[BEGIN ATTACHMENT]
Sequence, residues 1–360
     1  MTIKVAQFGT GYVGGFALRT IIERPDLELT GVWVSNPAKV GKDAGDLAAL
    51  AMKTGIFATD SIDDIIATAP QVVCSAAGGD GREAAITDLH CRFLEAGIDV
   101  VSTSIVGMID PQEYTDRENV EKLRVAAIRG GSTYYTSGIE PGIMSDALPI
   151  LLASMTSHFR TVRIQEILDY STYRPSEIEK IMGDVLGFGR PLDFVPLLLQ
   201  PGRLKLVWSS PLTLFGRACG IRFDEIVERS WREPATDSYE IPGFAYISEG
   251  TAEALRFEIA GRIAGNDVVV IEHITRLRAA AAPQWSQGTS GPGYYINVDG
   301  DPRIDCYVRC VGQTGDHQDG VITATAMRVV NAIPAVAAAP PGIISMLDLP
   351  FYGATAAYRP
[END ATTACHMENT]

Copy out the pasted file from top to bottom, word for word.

Sequence, residues 1–360
     1  MTIKVAQFGT GYVGGFALRT IIERPDLELT GVWVSNPAKV GKDAGDLAAL
    51  AMKTGIFATD SIDDIIATAP QVVCSAAGGD GREAAITDLH CRFLEAGIDV
   101  VSTSIVGMID PQEYTDRENV EKLRVAAIRG GSTYYTSGIE PGIMSDALPI
   151  LLASMTSHFR TVRIQEILDY STYRPSEIEK IMGDVLGFGR PLDFVPLLLQ
   201  PGRLKLVWSS PLTLFGRACG IRFDEIVERS WREPATDSYE IPGFAYISEG
   251  TAEALRFEIA GRIAGNDVVV IEHITRLRAA AAPQWSQGTS GPGYYINVDG
   301  DPRIDCYVRC VGQTGDHQDG VITATAMRVV NAIPAVAAAP PGIISMLDLP
   351  FYGATAAYRP